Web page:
science and the media

Science and the Media: Unmasking the Gap

Holly McElroy explores the difficult relationship between science and the media in the UK that has come to light as a result of the Covid-19 pandemic.

When I looked at the coverage of Covid-19 over the past few months one thing I could not get out of my mind was the distinct lack of representation of science within the UK media. This global pandemic has brought to our attention the unease with which news outlets are currently forced to report on topics rarely given traction, such as epidemiology and immunity, indicative of a deficit of scientific understanding. This has highlighted not only a wider discrepancy between science and the media, but also one which may be hindering our understanding of the illness.

The vast majority of people working within the media in the UK are not science graduates. In fact a study by the Reuter Institute in 2015 found that journalists specialising in science and technology made up only 3% of the workforce, falling far behind culture, sports and entertainment. While it may seem appropriate for more humanities and arts graduates to take on careers in journalism given the skills involved in writing and producing, it is important to ask why so few people with scientific backgrounds are involved in the sector.

Looking at the BBC coverage alone, at the forefront of reporting have been Hugh Pym (health editor) and Tulip Mazumbar (global health reporter) who have degrees in sociology and PPE respectively. It does beg the question: shouldn’t some level of scientific education be required in such positions? Wouldn’t it be beneficial for the health editor of a major news outlet to have some background education in biological sciences?

I must stress that this is not just a problem for the BBC; it occurs within the majority of news channels and written media. For example, a recent article in The Financial Times ‘The battle at the heart of British Science over coronavirus’’ was written by Jonathon Ford, a business and finance graduate. Similarly, science correspondent for The Times, Rhys Blakely, who has covered topics such as ‘Coronavirus: Moderna’s US vaccine first trials show immune response’  has a bachelor’s degree in English. From my own experience I believe the fault lies partially with scientific bodies and universities for not informing graduates of transferable roles within science and failing to establish the importance of communication as well as other skills. Similarly, it is the fault of the media industry for setting the example that careers in communications or broadcasting are only accessible through certain degree programs, specifically humanities subjects.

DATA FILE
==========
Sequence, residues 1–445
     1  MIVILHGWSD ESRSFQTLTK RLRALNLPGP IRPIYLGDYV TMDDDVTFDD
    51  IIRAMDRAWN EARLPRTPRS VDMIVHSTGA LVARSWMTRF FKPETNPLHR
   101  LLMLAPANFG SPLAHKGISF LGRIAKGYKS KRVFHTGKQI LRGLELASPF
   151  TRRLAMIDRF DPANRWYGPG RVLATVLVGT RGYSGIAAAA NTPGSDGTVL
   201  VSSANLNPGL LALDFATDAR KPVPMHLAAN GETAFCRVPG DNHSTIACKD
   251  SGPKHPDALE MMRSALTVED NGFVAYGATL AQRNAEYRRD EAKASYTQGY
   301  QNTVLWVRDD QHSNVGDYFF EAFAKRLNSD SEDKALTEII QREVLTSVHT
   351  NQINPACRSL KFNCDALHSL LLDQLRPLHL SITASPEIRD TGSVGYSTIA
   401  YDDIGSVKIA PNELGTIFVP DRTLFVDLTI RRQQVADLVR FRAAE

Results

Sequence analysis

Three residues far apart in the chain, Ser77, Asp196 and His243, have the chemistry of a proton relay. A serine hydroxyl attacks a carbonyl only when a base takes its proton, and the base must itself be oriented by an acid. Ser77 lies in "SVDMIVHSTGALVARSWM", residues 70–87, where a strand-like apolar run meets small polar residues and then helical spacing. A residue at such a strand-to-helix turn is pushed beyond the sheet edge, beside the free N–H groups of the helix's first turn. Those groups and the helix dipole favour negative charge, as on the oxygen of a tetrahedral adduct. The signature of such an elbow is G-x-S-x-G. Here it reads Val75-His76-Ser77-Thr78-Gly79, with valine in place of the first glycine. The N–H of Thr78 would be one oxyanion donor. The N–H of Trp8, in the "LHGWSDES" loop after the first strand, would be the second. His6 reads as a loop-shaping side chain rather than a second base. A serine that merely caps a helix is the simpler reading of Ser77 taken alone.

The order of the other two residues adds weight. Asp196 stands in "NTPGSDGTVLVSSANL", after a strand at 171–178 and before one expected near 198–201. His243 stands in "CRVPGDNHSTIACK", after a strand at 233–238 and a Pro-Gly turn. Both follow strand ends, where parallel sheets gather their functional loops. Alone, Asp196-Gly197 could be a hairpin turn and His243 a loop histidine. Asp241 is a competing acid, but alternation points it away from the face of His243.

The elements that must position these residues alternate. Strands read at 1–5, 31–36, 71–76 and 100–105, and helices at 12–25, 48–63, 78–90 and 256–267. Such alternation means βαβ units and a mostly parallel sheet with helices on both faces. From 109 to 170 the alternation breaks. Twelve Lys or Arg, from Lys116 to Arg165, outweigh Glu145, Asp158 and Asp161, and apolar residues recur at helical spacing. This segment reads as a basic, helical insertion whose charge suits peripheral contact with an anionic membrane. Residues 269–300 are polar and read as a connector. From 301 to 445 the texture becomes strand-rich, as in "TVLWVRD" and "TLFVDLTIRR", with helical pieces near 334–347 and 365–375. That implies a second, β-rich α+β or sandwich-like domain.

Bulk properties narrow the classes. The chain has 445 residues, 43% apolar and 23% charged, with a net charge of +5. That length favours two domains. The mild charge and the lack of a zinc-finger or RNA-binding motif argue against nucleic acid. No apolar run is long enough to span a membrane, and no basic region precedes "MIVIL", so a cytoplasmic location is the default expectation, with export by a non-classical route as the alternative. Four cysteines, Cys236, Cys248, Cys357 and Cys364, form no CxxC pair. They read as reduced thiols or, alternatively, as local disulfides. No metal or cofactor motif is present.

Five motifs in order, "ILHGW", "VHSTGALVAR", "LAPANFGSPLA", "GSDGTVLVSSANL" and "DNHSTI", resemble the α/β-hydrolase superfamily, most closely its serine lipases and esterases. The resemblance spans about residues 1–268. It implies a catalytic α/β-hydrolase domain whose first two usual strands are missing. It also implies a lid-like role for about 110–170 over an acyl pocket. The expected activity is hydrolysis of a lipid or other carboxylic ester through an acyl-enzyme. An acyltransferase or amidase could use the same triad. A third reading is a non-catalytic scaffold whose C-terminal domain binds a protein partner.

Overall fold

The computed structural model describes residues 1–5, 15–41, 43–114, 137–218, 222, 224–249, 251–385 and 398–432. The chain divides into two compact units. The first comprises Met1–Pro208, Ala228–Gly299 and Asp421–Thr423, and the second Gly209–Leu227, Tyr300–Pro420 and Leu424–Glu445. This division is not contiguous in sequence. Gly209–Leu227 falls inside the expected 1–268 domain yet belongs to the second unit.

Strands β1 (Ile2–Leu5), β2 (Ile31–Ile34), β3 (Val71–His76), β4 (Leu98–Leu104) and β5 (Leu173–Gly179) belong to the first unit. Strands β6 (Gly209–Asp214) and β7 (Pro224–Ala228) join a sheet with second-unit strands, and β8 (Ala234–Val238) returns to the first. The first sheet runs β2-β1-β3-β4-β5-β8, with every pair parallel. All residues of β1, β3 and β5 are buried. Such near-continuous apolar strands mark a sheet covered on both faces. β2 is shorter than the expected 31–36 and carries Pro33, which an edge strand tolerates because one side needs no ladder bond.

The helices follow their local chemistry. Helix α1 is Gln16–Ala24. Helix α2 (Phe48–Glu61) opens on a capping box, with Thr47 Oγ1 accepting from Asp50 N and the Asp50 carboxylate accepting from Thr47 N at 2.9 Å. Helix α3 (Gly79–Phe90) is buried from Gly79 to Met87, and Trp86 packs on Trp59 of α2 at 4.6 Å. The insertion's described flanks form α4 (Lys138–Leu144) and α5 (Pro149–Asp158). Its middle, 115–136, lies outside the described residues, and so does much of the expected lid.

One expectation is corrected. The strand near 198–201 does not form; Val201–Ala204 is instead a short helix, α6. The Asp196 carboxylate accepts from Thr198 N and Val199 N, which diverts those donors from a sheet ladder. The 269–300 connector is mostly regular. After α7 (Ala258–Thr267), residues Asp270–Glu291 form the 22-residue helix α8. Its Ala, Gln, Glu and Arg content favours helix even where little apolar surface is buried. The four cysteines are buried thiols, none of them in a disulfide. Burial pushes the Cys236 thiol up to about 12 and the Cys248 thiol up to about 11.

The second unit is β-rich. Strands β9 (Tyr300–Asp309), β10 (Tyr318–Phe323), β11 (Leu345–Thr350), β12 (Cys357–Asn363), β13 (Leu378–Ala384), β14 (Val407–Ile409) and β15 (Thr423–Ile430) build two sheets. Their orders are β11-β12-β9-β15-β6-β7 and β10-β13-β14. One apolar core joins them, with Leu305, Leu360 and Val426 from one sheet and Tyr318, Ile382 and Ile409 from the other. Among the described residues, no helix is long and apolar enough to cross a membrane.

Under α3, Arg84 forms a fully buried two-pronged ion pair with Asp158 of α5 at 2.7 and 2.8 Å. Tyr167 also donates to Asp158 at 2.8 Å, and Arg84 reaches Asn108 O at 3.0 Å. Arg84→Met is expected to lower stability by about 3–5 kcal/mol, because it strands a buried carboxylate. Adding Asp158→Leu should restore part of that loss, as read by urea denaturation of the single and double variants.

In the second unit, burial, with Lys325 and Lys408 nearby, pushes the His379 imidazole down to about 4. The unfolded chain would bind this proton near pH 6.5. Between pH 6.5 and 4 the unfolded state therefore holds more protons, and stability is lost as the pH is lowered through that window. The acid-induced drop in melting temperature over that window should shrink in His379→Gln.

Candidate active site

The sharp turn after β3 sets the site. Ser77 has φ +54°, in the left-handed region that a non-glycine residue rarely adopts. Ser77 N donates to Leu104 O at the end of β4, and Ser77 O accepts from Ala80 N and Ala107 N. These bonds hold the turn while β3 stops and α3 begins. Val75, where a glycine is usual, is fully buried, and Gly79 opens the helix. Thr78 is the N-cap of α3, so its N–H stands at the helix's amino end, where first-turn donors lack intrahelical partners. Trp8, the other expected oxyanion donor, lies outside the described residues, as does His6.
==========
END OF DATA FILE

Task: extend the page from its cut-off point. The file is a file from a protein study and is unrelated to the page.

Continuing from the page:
A fundamental issue in bridging the gap between media and science has been the interpretation of science as a separate identity to other factors in society. This debate is nothing new; in a 2009 essay in Nature by Boyce Rensberger, the former Knight Science Journalism Fellowship Director at MIT reflected that since the 1930s and 1940s science journalist’s have sought to ‘persuade the public to accept science as the salvation of society’. Through doing this it emphasised the ‘wonders of science and respect for scientists, rather than on any analysis of the work being done or any anticipation of its effects on society’.

The same level of scientific totalitarianism, it is argued, can be seen in the UK government’s approach to dealing with Covid-19. SAGE, a group of independent scientists and officials called on by the government to convene periodical and handle specific crises, has been praised in the recent pandemic over claims it has brought rigour to government decision-making. However, this has only been achieved by separating science from politics and portraying one as more significant than the other. The Government has since displayed a dependency on epidemiologists, particularly the March report from Imperial College London which suggested 510,000 people could die from Covid-19. While it could be argued this is progress for science, it also suggests that the government is unwaveringly reliant on scientific advisors due to its own internal lack of capability and understanding of the processes occurring.